Is it illegal to not pay student loans? You might be wondering this question as you struggle to pay off your student loans.
No… this is not an article on ways to avoid paying your student loans; it’s to educate you on what will happen if you don’t.
Student loans aren’t all bad; it’s an excellent way for those less fortunate to get a higher education to get into a high-paying career.
Governments often organize student loans in many countries, and they usually have very reasonable interest rates.
When you finish your studies, you must start paying back your student loans, or you will face the consequences.
Defaulting on repayment of the loan has effects like defaulting on paying credit card debts.
So, let’s see what will happen if one fails to repay student loans…
Student Loans 90 Days Overdue
If you don’t make any payments to your student loans for up to 90 days, the only consequence you will face is late fees.
Late fees suck, but they won’t affect your finances long-term.
When you are 90 days overdue, the real negative impacts start to happen to your finances.
Lenders will report your name to the credit bureaus. We all know what it means to be reported to the credit bureaus; your credit score will definitely go down.
Many things can happen when your credit score is lowered, as we will outline below.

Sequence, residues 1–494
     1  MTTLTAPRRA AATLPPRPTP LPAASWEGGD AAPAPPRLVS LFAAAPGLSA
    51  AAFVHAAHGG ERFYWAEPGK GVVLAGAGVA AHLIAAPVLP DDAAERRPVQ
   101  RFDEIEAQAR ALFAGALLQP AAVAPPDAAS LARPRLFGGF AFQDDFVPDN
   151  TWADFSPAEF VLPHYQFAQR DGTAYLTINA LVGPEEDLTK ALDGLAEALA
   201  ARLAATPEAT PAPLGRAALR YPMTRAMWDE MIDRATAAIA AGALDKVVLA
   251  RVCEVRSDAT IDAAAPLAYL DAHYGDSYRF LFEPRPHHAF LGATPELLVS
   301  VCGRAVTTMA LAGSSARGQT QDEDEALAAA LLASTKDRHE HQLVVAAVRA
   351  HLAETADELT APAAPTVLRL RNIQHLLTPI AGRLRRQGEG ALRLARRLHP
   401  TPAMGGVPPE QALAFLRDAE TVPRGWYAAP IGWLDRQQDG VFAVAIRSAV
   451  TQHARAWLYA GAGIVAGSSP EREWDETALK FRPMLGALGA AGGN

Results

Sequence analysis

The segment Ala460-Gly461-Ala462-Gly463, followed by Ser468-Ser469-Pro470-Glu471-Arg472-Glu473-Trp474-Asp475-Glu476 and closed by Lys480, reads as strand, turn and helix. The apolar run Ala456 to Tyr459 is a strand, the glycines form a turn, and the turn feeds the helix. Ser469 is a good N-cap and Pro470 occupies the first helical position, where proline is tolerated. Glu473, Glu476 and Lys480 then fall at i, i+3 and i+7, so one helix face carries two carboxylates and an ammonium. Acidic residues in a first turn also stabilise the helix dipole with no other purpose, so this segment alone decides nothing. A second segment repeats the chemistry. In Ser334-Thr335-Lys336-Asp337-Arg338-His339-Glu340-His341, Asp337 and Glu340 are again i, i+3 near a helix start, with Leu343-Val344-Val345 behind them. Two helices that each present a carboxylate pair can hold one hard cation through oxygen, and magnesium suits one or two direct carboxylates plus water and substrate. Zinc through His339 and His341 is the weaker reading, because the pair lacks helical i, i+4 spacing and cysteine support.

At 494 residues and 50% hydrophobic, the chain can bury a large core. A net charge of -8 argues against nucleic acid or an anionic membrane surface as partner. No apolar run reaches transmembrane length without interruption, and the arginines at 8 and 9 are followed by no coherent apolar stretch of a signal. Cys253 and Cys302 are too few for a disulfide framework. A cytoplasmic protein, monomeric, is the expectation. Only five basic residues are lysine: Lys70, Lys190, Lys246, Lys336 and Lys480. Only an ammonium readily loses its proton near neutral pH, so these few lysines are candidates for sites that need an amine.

Therefore, people cannot afford to damage their credit history because of this simple mistake.
So, ensure you make a payment to your student loans before 90 days to avoid any negative impacts on your credit score.
Defaulting Stage For Student Loans
If the habit of not paying your student loans continues, you will reach the defaulting stage.
For most private loans, the default stage occurs after 120 days of no payments; for federal loans, the default stage occurs after 270 days.
The most common protocol to be followed by lending companies is to use a debt collection agency, which will do everything possible to ensure you repay.
After being listed with the credit bureaus and entering a defaulting stage, a couple of things could happen:
- Your credit score will be lowered.
- Your application for future credit cards may be denied.
- Obtaining loans and other financial help will become problematic.
- Legal action will be taken against you by the debt collection agency.
You definitely want to avoid reaching the defaulting stage, as it can drastically affect your finances.
Federal and private lenders can garnish your wages if you refuse to pay, and federal lenders can intercept your tax refund.
Can The Government and Banks Sue?
Every lender is experiencing a challenge because the rate of lending to current students is higher than the rate at which students who have graduated are repaying.
The amount owed to the government and banks keeps piling up by the year as more students find it challenging to repay.